After crossing back into the good ol' lower 48 states, we surely thought that our phone line and data upload problems would be solved. Wrong. Clearly, the most challenging aspect of our trip hadn't been conquering craggy roads, fording icy-cold streams, or even living through mosquito attacks--it entailed successfully sending the text and photos for the Web site update. After about an hour's worth of in-room aggravation, we decided to head out and send the info from the road. We were in luck when we later found a public pay phone equipped with a modem line.
Due to throngs of traffic, we opted to skip a touristy photo of the H2 parked in front of Seattle's famed space needle, and instead headed straight for the half-missing summit of Mount St. Helens. After a quick shot, we were back out on the highway looking to log some serious miles, though before long we were rudely slapped by the fact that the Hummer's fuel tank was again knocking empty (and so were our stomachs). We clicked off the ignition at a petrol pumphouse in the Washington state capitol of Olympia, and were pleased to see our favorite friendly food vendor--Taco Bell--beckoning to us just down the street. After feasting on tacos, burritos, and some nachos, we headed outside to see numerous Taco Bell workers touching our H2 with their hot-sauce-coated phalanges. We answered scads of Hummer questions and afterwards fielded a few of our own including, "We heard the Capital building here is nice, where would we find it?" After a few perplexed looks and some mild grunting, one guy answered, "I dunno, maybe in town somewhere." Throughout our journey we've continually been amazed by how many locals don't know answers to basic questions, including where to find major local landmarks and highways. Quite scary.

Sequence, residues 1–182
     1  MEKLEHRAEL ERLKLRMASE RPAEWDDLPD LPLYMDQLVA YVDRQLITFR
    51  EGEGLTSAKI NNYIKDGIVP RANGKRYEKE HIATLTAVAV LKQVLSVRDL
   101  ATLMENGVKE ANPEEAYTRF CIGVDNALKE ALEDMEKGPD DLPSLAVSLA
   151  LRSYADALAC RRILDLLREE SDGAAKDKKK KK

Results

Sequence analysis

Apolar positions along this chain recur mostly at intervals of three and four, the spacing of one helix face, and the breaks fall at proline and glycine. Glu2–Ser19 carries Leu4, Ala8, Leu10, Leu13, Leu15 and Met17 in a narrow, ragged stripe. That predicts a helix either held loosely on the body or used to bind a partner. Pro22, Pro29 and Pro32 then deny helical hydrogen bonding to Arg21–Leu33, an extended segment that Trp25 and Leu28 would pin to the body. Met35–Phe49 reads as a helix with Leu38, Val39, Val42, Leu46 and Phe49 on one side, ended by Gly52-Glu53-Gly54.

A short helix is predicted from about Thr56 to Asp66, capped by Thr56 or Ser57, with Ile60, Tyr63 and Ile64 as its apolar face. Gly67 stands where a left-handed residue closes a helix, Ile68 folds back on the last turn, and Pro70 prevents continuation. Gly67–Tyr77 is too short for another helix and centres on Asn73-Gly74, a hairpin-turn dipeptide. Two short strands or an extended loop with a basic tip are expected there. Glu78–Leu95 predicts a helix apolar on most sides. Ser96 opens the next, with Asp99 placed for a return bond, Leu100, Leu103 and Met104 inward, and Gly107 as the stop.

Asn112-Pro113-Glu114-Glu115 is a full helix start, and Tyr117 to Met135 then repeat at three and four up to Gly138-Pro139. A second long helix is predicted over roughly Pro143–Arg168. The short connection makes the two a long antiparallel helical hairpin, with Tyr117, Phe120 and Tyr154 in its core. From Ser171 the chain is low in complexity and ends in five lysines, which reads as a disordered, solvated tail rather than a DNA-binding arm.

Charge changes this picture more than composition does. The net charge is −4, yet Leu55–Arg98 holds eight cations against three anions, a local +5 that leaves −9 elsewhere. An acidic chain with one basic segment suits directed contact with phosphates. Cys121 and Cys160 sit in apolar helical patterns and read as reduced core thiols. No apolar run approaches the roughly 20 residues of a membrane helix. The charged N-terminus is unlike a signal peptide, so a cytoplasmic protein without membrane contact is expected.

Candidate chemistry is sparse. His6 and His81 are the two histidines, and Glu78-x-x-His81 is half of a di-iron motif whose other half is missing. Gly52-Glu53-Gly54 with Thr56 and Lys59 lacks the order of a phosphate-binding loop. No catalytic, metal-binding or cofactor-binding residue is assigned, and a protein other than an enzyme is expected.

Soon we were back out on Interstate 5 and racking up miles on the odometer when we realized that we hadn't scraped clean the crust-coated back glass at the last gas stop and were working freeway traffic with little rearward visibility. However, even when cleaned, we never really could see out the back window, as the gargantuan factory spare tire, the extra spare tire we requested, and all of our boxes, camera gear, and trash combined to produce a thick wall of cargo that not even Superman could see through. We had no worries with lane changes, however, as we were bigger and simply figured that everybody would get out of the jumbo H2's way or be crushed in the process.
Just before entering Portland, Oregon, we came across two folks happily floating their way down the southbound I-5. Their mode of transportation was hard to miss as its chalky-white steel body panels were slathered with hundreds of random objects including, but not limited to: waffle irons, toasters, beads, stickers, feathers, and numerous plastic dolls (some with and without their heads). After chronicling the sweet ride via both camera and video, the almost too laid-back occupants offered a gift. We maneuvered the big H2 to within near paint-swapping distance to take delivery of a card describing the rolling trinket-toater. Come to find out the 1967 Biscayne was the mobile unit #1 of Our Lady Of Eternal Combustion and the cardlet simply stated, "Our body is a temple and this glow-in-the-dark 'Body by Fischer' is a refuge for once-worshipped toys, hygiene items, nipples, and mirrors." Apparently, Reverend "Chuck" used the vessel to accomplish his daily duties; those being performing "short-term/permanent Weddings on Wheels. " Our experience with the rolling garage sale started to get almost surreal, so we put the hammer down on the H2's mighty 6.0L V-8 and made a dash for I-84 East.